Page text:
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Inventory Climbs Meaningfully for the First Time in Almost Four Years

  • The number of homes for sale in October rose 3 percent, the first year-over-year gain of more than 1 percent since December 2014.
  • The boost comes nowhere near making up for years of inventory declines: The number of homes for sale in October was 1.62 million, down from 1.96 million in late 2014.
  • The country’s median rent continued its slide, dropping 0.1 percent, or one dollar, in October to $1,442 a month from $1,443 last October.

Prospective home buyers can give thanks this season for a rare increase in inventory: The number of homes for sale in October rose 3 percent, the first year-over-year gain of more than 1 percent since December 2014.

The boost comes nowhere near making up for years of inventory declines. In fact, the number of homes for sale in December 2014, after a 1.5 percent year-over-year climb, was 1.96 million. Following October’s 3 percent increase, the number of homes for sale was just 1.62 million.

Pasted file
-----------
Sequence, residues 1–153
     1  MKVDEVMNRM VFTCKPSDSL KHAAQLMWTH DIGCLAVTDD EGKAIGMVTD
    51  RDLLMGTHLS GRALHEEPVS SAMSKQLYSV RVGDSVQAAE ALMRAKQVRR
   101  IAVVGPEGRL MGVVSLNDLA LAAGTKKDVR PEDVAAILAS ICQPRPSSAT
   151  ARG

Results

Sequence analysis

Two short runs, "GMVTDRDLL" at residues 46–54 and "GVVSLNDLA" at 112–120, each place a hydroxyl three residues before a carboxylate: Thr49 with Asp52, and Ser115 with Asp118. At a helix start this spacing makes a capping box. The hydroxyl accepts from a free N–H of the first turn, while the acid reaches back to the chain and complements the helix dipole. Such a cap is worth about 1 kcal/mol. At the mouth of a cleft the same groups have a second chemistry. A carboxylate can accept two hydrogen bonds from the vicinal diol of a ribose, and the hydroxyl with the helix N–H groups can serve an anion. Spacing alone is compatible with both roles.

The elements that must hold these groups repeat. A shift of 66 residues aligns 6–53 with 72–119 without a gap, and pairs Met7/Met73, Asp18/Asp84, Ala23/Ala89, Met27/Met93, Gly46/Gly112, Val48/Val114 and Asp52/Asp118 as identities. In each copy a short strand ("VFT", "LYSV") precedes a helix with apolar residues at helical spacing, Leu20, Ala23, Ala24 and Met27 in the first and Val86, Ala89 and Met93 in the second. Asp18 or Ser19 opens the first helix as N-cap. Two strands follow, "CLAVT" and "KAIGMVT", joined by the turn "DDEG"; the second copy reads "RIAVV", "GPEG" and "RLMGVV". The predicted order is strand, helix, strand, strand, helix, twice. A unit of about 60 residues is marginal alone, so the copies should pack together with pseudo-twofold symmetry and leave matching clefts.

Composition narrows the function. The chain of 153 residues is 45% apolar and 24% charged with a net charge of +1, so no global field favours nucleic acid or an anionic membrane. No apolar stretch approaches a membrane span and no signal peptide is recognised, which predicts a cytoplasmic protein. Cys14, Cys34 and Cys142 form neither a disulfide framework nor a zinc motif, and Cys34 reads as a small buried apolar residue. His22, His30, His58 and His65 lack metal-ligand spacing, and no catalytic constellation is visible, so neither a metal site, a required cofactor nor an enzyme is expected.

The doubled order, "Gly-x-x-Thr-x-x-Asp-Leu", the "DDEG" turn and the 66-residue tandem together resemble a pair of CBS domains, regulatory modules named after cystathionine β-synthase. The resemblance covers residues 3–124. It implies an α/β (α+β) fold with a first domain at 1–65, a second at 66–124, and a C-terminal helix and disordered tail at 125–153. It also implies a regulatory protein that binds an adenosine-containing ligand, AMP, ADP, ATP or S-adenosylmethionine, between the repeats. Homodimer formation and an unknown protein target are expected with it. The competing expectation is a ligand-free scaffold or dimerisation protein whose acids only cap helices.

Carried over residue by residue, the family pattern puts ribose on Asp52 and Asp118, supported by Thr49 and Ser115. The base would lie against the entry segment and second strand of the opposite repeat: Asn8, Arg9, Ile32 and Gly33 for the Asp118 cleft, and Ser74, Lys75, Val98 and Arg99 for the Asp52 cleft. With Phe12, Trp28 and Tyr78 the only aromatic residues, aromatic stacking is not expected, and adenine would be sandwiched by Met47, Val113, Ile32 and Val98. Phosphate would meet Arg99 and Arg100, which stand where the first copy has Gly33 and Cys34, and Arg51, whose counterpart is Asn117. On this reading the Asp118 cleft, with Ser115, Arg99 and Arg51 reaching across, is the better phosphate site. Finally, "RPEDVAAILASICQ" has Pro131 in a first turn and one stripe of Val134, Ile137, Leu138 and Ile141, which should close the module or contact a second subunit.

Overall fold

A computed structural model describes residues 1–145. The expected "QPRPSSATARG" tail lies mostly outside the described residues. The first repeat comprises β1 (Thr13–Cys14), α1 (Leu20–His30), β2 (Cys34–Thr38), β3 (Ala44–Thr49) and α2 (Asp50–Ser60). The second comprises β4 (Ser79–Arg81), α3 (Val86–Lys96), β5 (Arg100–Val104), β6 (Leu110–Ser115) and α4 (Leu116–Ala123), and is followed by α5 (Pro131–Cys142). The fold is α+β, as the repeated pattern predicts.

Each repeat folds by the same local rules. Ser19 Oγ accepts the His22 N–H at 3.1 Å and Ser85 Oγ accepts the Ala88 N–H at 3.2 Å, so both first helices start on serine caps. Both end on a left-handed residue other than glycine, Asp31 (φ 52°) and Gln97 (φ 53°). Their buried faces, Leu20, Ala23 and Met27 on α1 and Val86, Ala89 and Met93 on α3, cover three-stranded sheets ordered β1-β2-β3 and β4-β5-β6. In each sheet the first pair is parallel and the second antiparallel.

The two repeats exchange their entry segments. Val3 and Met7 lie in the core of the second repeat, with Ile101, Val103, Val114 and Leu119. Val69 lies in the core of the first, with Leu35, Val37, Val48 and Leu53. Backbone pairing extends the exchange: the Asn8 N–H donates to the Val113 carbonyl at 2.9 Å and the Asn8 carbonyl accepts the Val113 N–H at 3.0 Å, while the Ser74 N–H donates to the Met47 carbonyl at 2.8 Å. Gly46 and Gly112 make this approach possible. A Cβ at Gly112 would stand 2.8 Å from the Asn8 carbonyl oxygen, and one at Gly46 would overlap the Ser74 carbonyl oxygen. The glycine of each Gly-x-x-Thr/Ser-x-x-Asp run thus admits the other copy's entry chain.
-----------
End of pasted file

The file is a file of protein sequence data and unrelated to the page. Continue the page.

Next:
The major metro with the greatest increase in inventory was San Jose, Calif., where inventory climbed 93.1 percent. San Diego was next, at 43.5 percent, followed by San Francisco at 41.6 percent. The largest decreases were in Las Vegas (down 15.9 percent), Pittsburgh (down 10 percent) and Virginia Beach (down 9.4 percent).

Inventory of homes valued in the bottom third nationally has been low and is starting to rise, gaining 6.8 percent annually in October. That was up from a 3.7 percent year-over-year hike in September and a small 0.6 percent boost in August. Before that, the last time inventory among lower valued homes posted an increase was in September 2014.

Meanwhile, the inventory of homes in the top tier nationally has been steadily high and is now falling – by 1.6 percent in October from a year earlier.

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